Catching Up with Indicted Cardinal Angelo Becciu

On July 4, 2021, the Barometer posted the following

Cardinal Giovanni Angelo Becciu, the former chief of staff for the Vatican’s Secretariat of State, was indicted, along with nine others, for money laundering, fraud, and abuse of office. It seems the Vatican investment in some real estate in London’s Chelsea neighborhood went south. The building had been a Harrods Department Store showroom but was to be turned into luxury apartments.

Dreams turned to dust, and the Vatican lost about 350 million Euros in the deal. Turns out that the broker involved has refused to turn over title to the building the Vatican thought it bought. Business risk is inevitable but a broker purloining a building from the Catholic Church is something more than a risk. “Multiply it by infinity, and take it to the depth of forever, and you will still have barely a glimpse of what I’m talking about,” to quote Joe Black, aka Death.

Already, Pope Francis has stripped Cardinal Becciu of his employment as “head of the Vatican’s saint-making department.” The Barometer does not know the qualifications for heading up such a unit, but being under indictment would surely call Cardinal Bicciu’s credentials into question.

Now the update — the trial is ongoing. The Vatican sold the building for $225 million — it had put in about $400 million for purchase and improvements. But prosecutors have also brought in Cecilia Marogona, a self-styled intelligence expert, who was sent 675,000 Euros to use in freeing a nun kidnapped by Islamist militants in Bali.  Got that?

Sister Gloria Cecilia Narvaez was released on October 9, 2021, five years after being captured.  However, some of the money is missing sent to Cecilia, the intelligence expert, is missing.  Cecilia, not spent at least one night at Cardinal Becciu’s apartment.

However, Cardinal Becciu responded to the speculation about their relationship, Sonia Munda mounds,” or “to the pure in heart everything is pure.”  The Wall Street Journal concluded the cardinal was quoting from an Italian novel, “The Betrothed.”  Actually, the Barometer gives the cardinal a break.  He may be quoting the New Testament, Titus 1:15,Unto the pure all things are pure: but unto them that are defiled and unbelieving is nothing pure; but even their mind and conscience is defiled.”

At any rate, the Vatican needs a good accountant and a conviction to clean house. The Pope is hoping for a verdict of innocence.  Somehow, given the cardinal’s questionable conduct, innocence is not a quality that comes to mind.

Francis X. Rocca, “A Cardinal Once Seen as Future Pope Now Faces Prison,”  Wall Street Journal,”  December 13, 2023, A1.

UPDATE:  Giovanni Angelo Becciu was sentenced to 5.5 years in prison for financial crimes.  Yes, Pope Francis’ former chief of staff is going to jail. Elisabetta Povoledo, “Vatican Fraud Scandal Ends in Prison Term for Once-Powerful Cardinal,” New York Times, December 17, 2023, p. A13.

In addition to the shock of financial malfeasance and/or incompetence at the highest levels of the Catholic Church, the Barometer was also surprised to learn that the Pope had a “chief of staff.” The political imagery sends the mind reeling.  Bob  (H.R.) Halderman and all.


About mmjdiary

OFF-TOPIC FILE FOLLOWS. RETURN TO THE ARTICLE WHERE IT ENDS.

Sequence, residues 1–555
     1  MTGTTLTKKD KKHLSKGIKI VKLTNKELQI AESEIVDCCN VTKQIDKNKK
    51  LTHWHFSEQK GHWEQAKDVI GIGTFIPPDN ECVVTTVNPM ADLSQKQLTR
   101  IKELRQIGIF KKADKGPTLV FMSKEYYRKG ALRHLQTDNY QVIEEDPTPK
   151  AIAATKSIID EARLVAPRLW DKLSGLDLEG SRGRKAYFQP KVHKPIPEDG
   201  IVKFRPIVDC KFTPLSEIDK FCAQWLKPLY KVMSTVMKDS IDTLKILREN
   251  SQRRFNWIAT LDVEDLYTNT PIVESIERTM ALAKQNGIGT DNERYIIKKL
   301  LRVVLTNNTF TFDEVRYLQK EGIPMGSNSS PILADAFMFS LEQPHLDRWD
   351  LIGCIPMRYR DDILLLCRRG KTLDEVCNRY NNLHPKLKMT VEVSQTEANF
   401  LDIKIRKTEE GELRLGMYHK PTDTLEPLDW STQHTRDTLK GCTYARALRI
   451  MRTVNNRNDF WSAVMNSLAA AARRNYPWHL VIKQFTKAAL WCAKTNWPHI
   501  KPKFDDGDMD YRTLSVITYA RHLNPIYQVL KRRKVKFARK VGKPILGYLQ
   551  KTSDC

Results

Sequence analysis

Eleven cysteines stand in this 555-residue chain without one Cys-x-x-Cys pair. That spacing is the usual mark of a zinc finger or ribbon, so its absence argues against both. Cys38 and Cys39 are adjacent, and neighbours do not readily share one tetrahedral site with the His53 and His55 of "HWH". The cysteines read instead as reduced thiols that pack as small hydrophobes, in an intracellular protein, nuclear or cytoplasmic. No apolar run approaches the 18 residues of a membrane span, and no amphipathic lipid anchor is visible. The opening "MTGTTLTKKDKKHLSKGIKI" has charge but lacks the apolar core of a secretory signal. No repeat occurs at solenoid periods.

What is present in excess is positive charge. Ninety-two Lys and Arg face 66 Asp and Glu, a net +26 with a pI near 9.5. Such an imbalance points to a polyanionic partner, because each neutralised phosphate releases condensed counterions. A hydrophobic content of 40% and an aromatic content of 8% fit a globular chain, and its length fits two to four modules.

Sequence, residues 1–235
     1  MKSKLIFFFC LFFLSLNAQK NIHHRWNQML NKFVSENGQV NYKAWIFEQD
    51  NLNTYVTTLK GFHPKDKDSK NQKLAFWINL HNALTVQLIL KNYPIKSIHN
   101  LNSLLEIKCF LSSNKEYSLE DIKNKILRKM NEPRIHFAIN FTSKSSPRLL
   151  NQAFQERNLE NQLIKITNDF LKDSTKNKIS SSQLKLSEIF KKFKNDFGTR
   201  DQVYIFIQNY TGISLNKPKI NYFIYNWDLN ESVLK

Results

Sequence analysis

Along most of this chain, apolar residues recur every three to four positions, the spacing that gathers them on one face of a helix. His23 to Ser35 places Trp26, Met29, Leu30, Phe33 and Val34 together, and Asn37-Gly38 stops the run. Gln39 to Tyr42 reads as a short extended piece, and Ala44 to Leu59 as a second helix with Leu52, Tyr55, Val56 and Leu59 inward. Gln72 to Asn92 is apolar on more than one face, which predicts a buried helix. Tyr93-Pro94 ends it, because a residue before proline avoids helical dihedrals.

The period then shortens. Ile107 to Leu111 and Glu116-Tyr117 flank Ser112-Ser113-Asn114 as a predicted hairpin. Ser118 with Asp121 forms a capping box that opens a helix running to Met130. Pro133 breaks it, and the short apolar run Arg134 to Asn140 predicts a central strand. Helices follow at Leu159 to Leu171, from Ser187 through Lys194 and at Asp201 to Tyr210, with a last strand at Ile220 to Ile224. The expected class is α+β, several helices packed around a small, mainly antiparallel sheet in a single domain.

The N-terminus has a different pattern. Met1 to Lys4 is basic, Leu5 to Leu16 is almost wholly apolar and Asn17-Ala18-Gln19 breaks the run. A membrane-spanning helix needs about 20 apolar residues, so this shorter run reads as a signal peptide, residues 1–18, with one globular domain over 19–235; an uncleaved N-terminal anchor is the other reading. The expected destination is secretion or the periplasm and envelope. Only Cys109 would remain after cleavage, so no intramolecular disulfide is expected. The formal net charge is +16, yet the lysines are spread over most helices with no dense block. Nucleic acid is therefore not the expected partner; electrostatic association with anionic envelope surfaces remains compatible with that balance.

Professor Marianne Jennings is an emeritus professor of legal and ethical studies from the W.P. Carey School of Business at Arizona State University, retiring in 2011 after 35 years of teaching undergraduate and graduate courses in ethics and the legal environment of business. During her tenure at ASU, she served as director of the Joan and David Lincoln Center for Applied Ethics from 1995-1999. In 2006, she was appointed faculty director for the W.P. Carey Executive MBA Program. She has done consulting work for businesses and professional groups including AICPA, Boeing, Dial Corporation, Edward Jones, Mattel, Motorola, CFA Institute, Southern California Edison, the Institute of Internal Auditors, AIMR, DuPont, AES, Blue Cross Blue Shield, Motorola, Hy-Vee Foods, IBM, Bell Helicopter, Amgen, Raytheon, and VIAD. The sixth edition of her textbook, Case Studies in Business Ethics, was published in February 2011. The ninth edition of her textbook, Business: lts Legal, Ethical and Global Environment was published in January 2011. The 23rd edition of her book, Business Law: Principles and Cases, will be published in January 2013. The tenth edition of her book, Real Estate Law, will also be published in January 2013. Her book, A Business Tale: A Story of Ethics, Choices, Success, and a Very Large Rabbit, a fable about business ethics, was chosen by Library Journal in 2004 as its business book of the year. A Business Tale was also a finalist for two other literary awards for 2004. In 2000 her book on corporate governance was published by the New York Times MBA Pocket Series. Her book on long-term success, Building a Business Through Good Times and Bad: Lessons from Fifteen Companies, Each With a Century of Dividends, was published in October 2002 and has been used by Booz, Allen, Hamilton for its work on business longevity. Her latest book, The Seven Signs of Ethical Collapse was published by St. Martin’s Press in July 2006 and has been a finalist for two book awards. Her weekly columns are syndicated around the country, and her work has appeared in the Wall Street Journal, the Chicago Tribune, the New York Times, Washington Post, and the Reader's Digest. A collection of her essays, Nobody Fixes Real Carrot Sticks Anymore, first published in 1994 is still being published. She has been a commentator on business issues on All Things Considered for National Public Radio. She has served on four boards of directors, including Arizona Public Service (1987-2000), Zealous Capital Corporation, and the Center for Children with Chronic Illness and Disability at the University of Minnesota. She was appointed to the board of advisors for the Institute of Nuclear Power Operators in 2004 and served on the board of trustees for Think Arizona, a public policy think tank. She has appeared on CNBC, CBS This Morning, the Today Show, and CBS Evening News. In 2010 she was named one of the Top 100 Thought Leaders in Business Ethics by Trust Across America. Her books have been translated into four different languages. She received the British Emerald award for authoring one of their top 50 articles in management publications, chosen from over 15,000 articles. Personal: Married since 1976 to Terry H. Jennings, Maricopa County Attorney’s Office Deputy County Attorney; five children: Sarah, Sam, and John, and the late Claire and Hannah Jennings.